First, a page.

How has fibromyalgia affected one of the best-selling musical artists of the 21st century?
In “Gaga: Five Foot Two,” a documentary released on Netflix this month, Lady Gaga describes the pain that’s characterized her life with fibromyalgia for the past half-decade.
“I have chased this pain for five years,” Gaga said. “I can still be me, and when I feel the adrenaline, and my music, and my fans, I can f****** go. But it doesn’t mean that I’m not in pain.”
Between clips of rehearsals, performances, and candid commentary about her work and personal life, Gaga allows the audience to see glimpses of her pain.
In one scene, she lies on a couch crying, describing the muscle spasms that wrack her body.
In another, she prepares for a round of injections in her doctor’s office, while her makeup team helps her get ready for an interview later that day.
“Who gets their makeup done while they’re getting a major body treatment?” she asks.
For Gaga and others, that kind of multitasking may be critical to their ability to pursue their ambitions while coping with the pain that fibromyalgia causes.
Chronic widespread pain
Fibromyalgia affects an estimated two percent of people in the United States.
It’s characterized by chronic widespread pain and tender spots throughout the body.
“For some individuals, the pain feels debilitating,” Dr. Kevin Hackshaw, an associate professor in the Division of Rheumatology and Immunology at The Ohio State University, told Healthline.
It can also cause a variety of other symptoms, such as chronic fatigue, sleep disturbances, mental confusion, and headaches.
While fibromyalgia isn’t progressive, its symptoms fluctuate over time, getting worse during periods of exacerbation known as “flares.”
Physical and psychological stressors are common triggers of flares.
“If I get depressed, my body can spasm,” Gaga says in the opening scenes of the film.
By showcasing her experiences, the singer hopes to help raise awareness of fibromyalgia and connect people who are facing similar challenges.
While fibromyalgia can occur at any age, it’s more common among older adults.
It’s also more prevalent among women than men.
The exact cause of the condition is unknown.
Historically, many medical professionals have treated it as a psychosomatic condition with no physical cause.
While modern research findings have challenged that framework, some people remain skeptical of fibromyalgia diagnoses and claims of chronic pain.
According to Janet Armentor, PhD, an associate professor of sociology at California State University Bakersfield, disbelief from medical professionals, coworkers, friends, and others, contributes to the stigma that many people with fibromyalgia face.
“One of the bigger challenges is that this illness is contested among the medical establishment and among the general population,” Armentor told Healthline.
“There’s a lot of disbelief and lack of understanding,” she added. “And in the interviews that I conducted with women who [were] diagnosed with fibromyalgia, some spoke of that challenge: ‘This is real. This is not in my mind. I’m actually feeling real symptoms and real pain.’”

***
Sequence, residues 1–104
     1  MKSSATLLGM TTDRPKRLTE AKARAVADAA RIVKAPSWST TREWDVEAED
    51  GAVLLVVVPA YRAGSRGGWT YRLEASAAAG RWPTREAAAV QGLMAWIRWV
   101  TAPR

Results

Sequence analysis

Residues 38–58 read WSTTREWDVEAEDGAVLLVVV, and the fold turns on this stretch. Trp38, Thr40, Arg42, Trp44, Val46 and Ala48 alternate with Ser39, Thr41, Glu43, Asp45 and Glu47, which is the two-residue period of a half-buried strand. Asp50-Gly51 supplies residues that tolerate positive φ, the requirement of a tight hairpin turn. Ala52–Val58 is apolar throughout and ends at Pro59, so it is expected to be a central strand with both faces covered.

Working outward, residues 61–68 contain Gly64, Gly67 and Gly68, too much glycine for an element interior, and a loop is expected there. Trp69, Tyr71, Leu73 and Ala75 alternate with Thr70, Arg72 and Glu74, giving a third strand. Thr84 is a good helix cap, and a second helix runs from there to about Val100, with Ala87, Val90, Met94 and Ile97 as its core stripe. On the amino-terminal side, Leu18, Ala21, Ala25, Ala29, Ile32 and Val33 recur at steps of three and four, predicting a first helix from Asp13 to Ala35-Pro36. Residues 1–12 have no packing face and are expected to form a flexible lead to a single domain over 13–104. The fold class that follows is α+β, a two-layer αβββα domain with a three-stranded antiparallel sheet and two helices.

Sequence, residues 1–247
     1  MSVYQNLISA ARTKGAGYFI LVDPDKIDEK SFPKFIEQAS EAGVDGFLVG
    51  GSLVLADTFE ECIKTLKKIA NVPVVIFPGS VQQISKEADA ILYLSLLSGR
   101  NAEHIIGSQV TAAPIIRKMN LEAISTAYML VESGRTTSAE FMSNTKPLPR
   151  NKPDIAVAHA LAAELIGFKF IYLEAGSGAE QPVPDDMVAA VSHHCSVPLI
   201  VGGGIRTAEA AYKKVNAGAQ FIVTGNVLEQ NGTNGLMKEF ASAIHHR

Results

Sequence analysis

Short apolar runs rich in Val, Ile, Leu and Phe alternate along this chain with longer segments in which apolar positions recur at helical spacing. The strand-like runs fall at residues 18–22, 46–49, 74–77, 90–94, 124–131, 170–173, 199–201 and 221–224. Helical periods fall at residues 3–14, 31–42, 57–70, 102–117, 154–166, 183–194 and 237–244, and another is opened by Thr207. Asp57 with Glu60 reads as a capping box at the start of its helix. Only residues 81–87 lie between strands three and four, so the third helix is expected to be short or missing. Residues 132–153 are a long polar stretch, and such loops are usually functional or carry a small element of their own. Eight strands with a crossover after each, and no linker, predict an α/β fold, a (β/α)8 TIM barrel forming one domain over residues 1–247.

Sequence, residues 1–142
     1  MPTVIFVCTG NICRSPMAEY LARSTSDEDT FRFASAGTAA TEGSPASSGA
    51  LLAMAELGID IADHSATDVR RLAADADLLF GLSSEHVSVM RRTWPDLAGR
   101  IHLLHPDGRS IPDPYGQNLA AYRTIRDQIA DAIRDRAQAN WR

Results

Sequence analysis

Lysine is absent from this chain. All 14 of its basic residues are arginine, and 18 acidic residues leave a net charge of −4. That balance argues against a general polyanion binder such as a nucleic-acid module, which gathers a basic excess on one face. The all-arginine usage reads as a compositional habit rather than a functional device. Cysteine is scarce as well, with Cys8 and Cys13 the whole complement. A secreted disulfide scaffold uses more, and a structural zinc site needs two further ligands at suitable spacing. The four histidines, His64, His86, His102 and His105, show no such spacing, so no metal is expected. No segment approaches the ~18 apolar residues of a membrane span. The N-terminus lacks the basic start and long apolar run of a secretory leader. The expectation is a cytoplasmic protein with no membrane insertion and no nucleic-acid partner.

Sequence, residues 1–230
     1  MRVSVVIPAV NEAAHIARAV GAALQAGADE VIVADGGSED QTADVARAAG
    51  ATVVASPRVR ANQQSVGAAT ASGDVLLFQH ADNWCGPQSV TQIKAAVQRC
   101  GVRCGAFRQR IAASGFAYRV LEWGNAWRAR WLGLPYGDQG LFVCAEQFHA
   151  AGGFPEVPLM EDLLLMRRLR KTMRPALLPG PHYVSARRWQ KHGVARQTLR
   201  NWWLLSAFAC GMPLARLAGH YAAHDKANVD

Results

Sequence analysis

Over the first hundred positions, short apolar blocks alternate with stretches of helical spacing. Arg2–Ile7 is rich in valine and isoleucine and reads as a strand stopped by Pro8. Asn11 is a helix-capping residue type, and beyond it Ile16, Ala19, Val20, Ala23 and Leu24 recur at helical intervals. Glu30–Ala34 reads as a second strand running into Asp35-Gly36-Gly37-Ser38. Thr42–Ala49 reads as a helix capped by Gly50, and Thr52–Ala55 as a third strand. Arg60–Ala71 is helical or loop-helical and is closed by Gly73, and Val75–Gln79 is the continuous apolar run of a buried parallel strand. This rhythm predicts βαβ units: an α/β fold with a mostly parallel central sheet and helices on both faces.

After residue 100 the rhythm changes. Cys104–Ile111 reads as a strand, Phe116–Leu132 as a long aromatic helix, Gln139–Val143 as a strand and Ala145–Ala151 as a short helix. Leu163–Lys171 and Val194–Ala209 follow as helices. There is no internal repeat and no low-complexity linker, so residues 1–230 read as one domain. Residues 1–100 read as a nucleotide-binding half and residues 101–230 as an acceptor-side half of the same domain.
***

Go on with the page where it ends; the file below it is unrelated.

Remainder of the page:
Over the past decade, researchers have identified biochemical changes that occur in people with fibromyalgia.
“Studies have shown that there are documented biochemical changes in these patients. For example, spinal fluid can be obtained from patients with fibromyalgia, and you can see elevations in certain neurochemicals,” Hackshaw said.
“So it’s not a made up diagnosis,” he added. “It’s a true nerve disorder manifested as diffuse musculoskeletal pain.”
Treatment is available
For now, no simple laboratory tests are available to diagnose fibromyalgia.
Instead, doctors rely on patient reports of symptoms, following criteria adopted by the American College of Rheumatology in 2010.
While there’s currently no known cure for fibromyalgia, a variety of treatment strategies are available.
To start with, doctors typically recommend lifestyle changes and other non-pharmaceutical treatments.
“We know that regular exercise is essential in order to try to minimize some of the symptoms,” Hackshaw said.
“There’s also a good body of research that suggests that meditation and other types of mindfulness exercises may be beneficial in terms of alleviating some of the pain,” he added.
If those strategies aren’t enough, doctors often prescribe a low dose tricyclic antidepressant (TCA) or serotonin and norepinephrine reuptake inhibitor (SNRI).
“These meds are typically used not for their antidepressant characteristics, but because they increase levels of certain neurochemicals at nerve endings, and those increases lead to a decrease in pain signals going to pain processing centers in the brain,” Hackshaw explained.
Calcium channel blockers can also help block pain signals to the brain.
In addition to biomedical interventions, recognition and social support are also important for people with fibromyalgia and other chronic conditions.
“One of the more significant findings of my research is that because of the disbelief and lack of understanding they face, they tend to isolate themselves, which can lead to a whole range of social problems and well-being issues,” Armentor said.
She suggested that Lady Gaga and other high-profile advocates can help raise awareness of fibromyalgia and help others with the condition feel less alone.
“Often fibromyalgia is so invisible from the outside that people don’t recognize that this is happening to people all around us. So I think that to have someone with a high profile say, ‘I’m experiencing this and understand what you’re going through.’ That’s really important,” she said.
“Lady Gaga doesn’t want to let fibromyalgia define her,” she added. “There are still things that she wants to accomplish. But she knows the price and that she has to manage what’s important to her, and what she needs to do to cope with this illness. And I think that’s a very useful message.”